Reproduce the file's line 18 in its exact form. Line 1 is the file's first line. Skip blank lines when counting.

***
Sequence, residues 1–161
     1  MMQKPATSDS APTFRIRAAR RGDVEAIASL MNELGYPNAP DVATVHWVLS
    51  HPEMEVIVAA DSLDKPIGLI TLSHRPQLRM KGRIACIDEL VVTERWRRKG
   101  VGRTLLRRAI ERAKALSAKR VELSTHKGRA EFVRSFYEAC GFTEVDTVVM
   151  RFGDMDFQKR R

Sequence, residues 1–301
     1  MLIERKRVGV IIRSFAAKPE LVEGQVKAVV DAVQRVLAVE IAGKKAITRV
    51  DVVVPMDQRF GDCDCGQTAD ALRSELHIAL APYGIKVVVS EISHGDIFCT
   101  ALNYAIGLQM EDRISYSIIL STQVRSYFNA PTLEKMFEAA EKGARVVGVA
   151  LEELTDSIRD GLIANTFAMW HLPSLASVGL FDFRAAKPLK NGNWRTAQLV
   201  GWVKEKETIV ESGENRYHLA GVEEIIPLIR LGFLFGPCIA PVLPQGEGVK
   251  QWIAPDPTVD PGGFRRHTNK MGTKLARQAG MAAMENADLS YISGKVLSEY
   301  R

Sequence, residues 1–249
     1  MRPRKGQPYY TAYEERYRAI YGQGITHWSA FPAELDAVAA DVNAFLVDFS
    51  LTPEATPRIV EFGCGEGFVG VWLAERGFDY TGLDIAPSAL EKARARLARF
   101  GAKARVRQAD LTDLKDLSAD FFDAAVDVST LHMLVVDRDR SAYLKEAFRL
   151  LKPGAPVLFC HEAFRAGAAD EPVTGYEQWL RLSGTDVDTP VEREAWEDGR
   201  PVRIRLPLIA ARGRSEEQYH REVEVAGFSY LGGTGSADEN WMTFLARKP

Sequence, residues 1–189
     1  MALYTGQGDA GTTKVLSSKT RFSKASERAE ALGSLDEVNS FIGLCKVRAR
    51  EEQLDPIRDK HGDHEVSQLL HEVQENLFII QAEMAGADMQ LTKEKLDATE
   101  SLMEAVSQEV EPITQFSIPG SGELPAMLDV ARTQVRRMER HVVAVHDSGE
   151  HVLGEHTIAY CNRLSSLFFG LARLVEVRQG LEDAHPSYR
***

   151  LKPGAPVLFC HEAFRAGAAD EPVTGYEQWL RLSGTDVDTP VEREAWEDGR